The virus has a death rate of around two per cent. This is a similar death rate to the Spanish Flu outbreak which, in 1918, went on to kill around 50million people.
Experts have been conflicted since the beginning of the outbreak about whether the true number of people who are infected is significantly higher than the official numbers of recorded cases. Some people are expected to have such mild symptoms that they never even realise they are ill unless they’re tested, so only the more serious cases get discovered, making the death toll seem higher than it really is.
However, an investigation into government surveillance in China said it had found no reason to believe this was true.
Dr Bruce Aylward, a World Health Organization official who went on a mission to China, said there was no evidence that figures were only showing the tip of the iceberg, and said recording appeared to be accurate, Stat News reported.
Can the virus be cured?
The COVID-19 virus cannot be cured and it is proving difficult to contain.
Antibiotics do not work against viruses, so they are out of the question. Antiviral drugs can work, but the process of understanding a virus then developing and producing drugs to treat it would take years and huge amounts of money.
No vaccine exists for the coronavirus yet and it’s not likely one will be developed in time to be of any use in this outbreak, for similar reasons to the above.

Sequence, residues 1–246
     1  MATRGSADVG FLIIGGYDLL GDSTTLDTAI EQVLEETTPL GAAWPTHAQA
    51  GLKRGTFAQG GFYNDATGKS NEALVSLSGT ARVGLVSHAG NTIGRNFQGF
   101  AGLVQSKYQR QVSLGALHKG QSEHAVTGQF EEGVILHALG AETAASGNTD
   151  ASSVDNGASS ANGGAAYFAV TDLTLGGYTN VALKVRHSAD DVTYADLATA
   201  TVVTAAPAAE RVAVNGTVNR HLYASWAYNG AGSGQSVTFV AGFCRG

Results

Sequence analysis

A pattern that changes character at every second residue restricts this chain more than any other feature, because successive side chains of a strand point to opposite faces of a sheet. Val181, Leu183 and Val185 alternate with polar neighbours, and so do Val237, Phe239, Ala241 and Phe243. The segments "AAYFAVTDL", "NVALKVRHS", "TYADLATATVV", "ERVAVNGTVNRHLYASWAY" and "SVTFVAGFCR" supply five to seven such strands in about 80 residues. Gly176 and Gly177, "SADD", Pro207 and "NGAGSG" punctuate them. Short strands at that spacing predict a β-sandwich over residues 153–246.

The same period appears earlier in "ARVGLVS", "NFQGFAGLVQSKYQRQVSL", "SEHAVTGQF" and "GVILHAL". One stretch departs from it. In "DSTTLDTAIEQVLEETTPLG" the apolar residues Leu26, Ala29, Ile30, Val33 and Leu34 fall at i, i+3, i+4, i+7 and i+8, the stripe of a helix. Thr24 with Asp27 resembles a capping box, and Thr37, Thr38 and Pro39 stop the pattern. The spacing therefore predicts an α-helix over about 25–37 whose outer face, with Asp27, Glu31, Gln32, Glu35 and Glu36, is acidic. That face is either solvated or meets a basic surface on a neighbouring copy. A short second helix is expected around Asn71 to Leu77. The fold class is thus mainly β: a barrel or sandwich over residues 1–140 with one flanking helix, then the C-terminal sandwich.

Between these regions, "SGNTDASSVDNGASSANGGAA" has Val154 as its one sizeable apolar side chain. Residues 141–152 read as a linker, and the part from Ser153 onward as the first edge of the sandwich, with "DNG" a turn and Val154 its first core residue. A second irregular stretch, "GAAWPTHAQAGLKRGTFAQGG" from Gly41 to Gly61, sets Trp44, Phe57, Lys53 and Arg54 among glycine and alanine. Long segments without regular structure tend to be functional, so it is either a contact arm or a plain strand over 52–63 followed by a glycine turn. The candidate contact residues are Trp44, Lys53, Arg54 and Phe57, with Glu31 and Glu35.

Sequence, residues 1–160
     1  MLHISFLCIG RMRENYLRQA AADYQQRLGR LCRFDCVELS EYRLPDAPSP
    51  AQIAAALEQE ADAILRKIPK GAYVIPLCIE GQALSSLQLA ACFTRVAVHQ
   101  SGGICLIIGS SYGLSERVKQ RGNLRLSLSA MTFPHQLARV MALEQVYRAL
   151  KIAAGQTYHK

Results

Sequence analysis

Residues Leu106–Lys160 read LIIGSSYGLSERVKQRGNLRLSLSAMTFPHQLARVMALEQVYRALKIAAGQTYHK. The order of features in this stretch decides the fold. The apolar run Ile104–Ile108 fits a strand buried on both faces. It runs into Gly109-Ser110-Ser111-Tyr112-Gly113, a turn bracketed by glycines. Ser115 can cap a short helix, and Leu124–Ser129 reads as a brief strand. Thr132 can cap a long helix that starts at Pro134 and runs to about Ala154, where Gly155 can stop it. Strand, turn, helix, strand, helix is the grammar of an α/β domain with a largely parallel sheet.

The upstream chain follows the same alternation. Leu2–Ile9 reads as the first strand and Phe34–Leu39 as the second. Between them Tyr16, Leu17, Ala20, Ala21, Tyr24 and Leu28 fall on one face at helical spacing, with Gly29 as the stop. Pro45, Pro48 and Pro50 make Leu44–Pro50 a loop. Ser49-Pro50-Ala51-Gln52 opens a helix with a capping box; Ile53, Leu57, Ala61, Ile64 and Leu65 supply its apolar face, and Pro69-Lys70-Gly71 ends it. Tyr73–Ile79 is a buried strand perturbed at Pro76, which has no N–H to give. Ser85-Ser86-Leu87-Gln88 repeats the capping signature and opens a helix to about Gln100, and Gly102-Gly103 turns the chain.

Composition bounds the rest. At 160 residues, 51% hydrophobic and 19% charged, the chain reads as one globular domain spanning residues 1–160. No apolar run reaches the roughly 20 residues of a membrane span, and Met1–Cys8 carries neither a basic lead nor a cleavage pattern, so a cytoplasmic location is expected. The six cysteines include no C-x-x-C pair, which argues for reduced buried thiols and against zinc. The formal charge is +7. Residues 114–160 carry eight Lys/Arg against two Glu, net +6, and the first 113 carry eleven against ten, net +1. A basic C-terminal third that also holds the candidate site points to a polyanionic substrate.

The National Institutes of Health in the US, and Baylor University in Waco, Texas, say they are working on a vaccine based on what they know about coronaviruses in general, using information from the SARS outbreak. But this may take a year or more to develop, according to Pharmaceutical Technology.
Currently, governments and health authorities are working to contain the virus and to care for patients who are sick and stop them infecting other people.
People who catch the illness are being quarantined in hospitals, where their symptoms can be treated and they will be away from the uninfected public.
And airports around the world are putting in place screening measures such as having doctors on-site, taking people’s temperatures to check for fevers and using thermal screening to spot those who might be ill (infection causes a raised temperature).
However, it can take weeks for symptoms to appear, so there is only a small likelihood that patients will be spotted up in an airport.
Is this outbreak an epidemic or a pandemic?
The outbreak was declared a pandemic on March 11. A pandemic is defined by the World Health Organization as the ‘worldwide spread of a new disease’.
Previously, the UN agency said most cases outside of Hubei had been ‘spillover’ from the epicentre, so the disease wasn’t actually spreading actively around the world.